By: Greta Whitehead || Spring 2013
“Aren’t those geese beautiful?”
The geese belonged to my grandparents, Herman and Lola Render of the Walton Creek area near Centertown, Ky. Summer arrived and with it came more time at our grandparents’ home. It also meant molting season for the geese. Since geese typically molt (lose some of their feathers) during the summer, Mammie took advantage of Mother Nature’s help in harvesting feathers for new pillows. Their feathers sure made neat pillows.
My sister, Jo Carolyn Patton, and I, Greta Whitehead, lived in that neighborhood and were always at our grandparents’ home as much as possible. We had grown up around the geese but we were afraid of them. We knew that geese were sometimes used for security animals because they are so easily excited and alert you to impending danger by flapping their wings wildly and honking loudly to scare off suspected intruders. Still, we loved to find their big eggs. It was always special on Easter to have a big colored goose egg in our basket.
We were daring kids…especially me. I would make one of the geese mad just so it would chase us. The only time we were pinched by one was when we helped our grandmother hold the big geese while she plucked the feathers for her pillows.
She would turn one at a time upside down and hold it with her legs and start to work. Jo and I, as little girls, would try and hold their heads so they wouldn’t pinch her legs. We would get tired and let go a few times. Mammie would end up with black and blue legs but good, soft, fluffy pillows.
Herman Render and Lola Bennett Render, beloved Christian grandparents of our 13 brothers and sisters were near 80 when our family moved on in to Centertown. I have many good memories of Walton Creek people and the good life we had there. Though saddened by our move to town, many new adventures and memories awaited us there.
My dad, the local barber, felt it necessary to move to town so he could be close to his barber shop. Sometime in the 40’s, Dad bought an old Greyhound bus. He converted the old bus into a nice café that sat on Main St. It was quite beautiful, inside and out, with a fireplace, juke box, booth and stools at the counter. The “Blue Bus Café” became the hangout for teens, a safe place that was supervised by good honest folks who believed in their community and its future. Our parents, Raymond “Dick” Render and his loving wife, Lou, ran the café until they moved to Jeffersonville to work in the shipyards.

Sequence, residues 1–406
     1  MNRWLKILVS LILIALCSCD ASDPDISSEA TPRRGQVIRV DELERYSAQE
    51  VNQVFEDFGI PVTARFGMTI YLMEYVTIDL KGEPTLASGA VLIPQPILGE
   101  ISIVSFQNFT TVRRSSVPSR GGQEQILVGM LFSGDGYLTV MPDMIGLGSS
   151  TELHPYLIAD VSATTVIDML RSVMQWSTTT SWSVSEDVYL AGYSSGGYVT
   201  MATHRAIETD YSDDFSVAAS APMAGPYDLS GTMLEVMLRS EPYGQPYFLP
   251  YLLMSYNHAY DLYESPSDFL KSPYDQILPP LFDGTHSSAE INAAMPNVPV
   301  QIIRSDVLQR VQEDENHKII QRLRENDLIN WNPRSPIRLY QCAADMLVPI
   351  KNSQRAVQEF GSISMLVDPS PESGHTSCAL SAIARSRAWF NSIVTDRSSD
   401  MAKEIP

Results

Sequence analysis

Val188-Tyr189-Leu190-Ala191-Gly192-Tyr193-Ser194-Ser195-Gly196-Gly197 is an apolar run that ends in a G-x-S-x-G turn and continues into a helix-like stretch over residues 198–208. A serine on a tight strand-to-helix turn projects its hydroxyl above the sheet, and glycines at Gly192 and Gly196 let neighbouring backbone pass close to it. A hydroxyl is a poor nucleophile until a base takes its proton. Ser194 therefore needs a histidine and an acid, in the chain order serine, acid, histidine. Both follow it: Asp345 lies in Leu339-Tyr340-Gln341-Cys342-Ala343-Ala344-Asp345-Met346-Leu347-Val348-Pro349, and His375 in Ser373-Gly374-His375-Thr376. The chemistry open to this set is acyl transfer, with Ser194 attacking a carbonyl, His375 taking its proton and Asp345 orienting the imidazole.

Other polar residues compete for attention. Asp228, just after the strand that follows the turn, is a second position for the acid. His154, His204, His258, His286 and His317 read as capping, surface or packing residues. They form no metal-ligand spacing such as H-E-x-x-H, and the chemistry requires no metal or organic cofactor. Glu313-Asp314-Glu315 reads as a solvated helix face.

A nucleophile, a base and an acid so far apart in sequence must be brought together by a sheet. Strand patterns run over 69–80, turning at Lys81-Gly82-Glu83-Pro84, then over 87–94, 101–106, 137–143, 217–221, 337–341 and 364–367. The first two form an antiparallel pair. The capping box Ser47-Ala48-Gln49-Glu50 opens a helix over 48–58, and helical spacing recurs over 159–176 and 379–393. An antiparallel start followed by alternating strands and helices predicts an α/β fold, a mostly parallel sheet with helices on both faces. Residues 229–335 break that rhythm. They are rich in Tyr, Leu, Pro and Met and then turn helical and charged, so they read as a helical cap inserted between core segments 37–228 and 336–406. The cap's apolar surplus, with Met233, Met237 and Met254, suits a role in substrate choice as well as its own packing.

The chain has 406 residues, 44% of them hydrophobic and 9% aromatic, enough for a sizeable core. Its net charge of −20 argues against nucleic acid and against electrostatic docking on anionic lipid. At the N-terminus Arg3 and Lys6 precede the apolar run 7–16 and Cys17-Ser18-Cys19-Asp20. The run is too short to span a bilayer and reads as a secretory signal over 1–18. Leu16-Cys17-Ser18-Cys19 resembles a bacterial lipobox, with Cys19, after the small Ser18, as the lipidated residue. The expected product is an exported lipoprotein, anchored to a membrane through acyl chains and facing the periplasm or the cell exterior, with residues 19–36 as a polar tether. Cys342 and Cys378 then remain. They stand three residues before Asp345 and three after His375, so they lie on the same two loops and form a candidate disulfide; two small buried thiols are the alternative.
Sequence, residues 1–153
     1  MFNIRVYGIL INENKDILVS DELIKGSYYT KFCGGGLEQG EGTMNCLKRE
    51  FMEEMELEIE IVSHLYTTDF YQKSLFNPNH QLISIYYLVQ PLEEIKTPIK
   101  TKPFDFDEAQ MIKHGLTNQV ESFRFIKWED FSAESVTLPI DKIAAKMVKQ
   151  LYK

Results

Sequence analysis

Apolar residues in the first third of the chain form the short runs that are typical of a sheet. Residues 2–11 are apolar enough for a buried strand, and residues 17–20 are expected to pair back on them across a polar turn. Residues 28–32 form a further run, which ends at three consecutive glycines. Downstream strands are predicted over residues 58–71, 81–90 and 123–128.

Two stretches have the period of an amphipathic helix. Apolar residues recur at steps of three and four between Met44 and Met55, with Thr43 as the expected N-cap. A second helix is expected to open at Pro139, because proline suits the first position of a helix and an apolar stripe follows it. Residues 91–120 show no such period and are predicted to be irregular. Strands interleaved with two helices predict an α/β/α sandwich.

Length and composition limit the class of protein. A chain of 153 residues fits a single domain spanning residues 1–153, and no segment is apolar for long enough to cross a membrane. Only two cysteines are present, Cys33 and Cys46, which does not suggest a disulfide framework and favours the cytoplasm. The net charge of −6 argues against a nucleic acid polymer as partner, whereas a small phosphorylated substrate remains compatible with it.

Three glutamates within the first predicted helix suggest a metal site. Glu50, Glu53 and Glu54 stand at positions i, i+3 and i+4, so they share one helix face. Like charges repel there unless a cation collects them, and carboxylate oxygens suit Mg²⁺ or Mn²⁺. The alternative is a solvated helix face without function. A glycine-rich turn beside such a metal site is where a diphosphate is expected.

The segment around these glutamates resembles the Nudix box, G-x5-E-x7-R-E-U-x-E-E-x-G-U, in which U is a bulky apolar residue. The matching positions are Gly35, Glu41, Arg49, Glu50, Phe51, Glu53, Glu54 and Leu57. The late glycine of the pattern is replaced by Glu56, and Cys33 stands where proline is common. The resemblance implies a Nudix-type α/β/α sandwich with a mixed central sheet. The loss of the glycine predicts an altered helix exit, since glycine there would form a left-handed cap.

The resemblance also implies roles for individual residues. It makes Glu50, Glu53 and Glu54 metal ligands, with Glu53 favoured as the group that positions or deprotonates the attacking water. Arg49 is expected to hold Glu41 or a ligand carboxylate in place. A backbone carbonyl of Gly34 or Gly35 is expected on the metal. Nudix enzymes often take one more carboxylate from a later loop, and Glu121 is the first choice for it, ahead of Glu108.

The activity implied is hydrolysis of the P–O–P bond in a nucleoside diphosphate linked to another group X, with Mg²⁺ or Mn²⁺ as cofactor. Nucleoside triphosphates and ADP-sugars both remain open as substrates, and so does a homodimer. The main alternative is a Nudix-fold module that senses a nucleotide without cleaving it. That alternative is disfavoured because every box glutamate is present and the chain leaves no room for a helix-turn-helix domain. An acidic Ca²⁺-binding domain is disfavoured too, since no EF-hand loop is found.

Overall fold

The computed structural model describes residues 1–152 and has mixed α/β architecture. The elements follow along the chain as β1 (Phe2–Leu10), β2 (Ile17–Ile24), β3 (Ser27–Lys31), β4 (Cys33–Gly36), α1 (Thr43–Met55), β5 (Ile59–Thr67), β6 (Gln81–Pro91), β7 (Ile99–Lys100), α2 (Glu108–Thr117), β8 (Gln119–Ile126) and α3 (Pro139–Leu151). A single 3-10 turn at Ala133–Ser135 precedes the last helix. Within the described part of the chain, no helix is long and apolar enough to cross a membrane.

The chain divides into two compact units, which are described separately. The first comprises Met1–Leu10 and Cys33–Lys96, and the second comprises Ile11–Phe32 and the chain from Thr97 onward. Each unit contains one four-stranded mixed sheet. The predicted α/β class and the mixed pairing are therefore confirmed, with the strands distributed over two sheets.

Times were hard and work was scarce so many families of our hometown had to move where they could find steady work. The Blue Bus closed but the stories of good times there live to this day. Other small cafés have come and gone in Centertown.
Each one had its regular customers who would enjoy a good cup of coffee and the stories shared around the table. More often than not, someone would bring up the Blue Bus Café and fond memories began to flow.
Although we missed our days at our grandparents’ farm, the Blue Bus Café occupied our time and life moved forward.
Lessons and values learned on that farm and in the Blue Bus Café never left us. Whenever I see geese I recall the fun we had helping Mammie make pillows. In reflection I can see that we were learning work and care for the family, but we just thought we were having fun. As I drive down Main St. in Centertown, my mind’s eye still sees that old Greyhound Bus that transformed to a wonderful hangout known affectionately as The Blue Bus Café…a safe place for youngsters to spend supervised time together knowing that Daddy and Momma kept a keen eye on each and every one of us.
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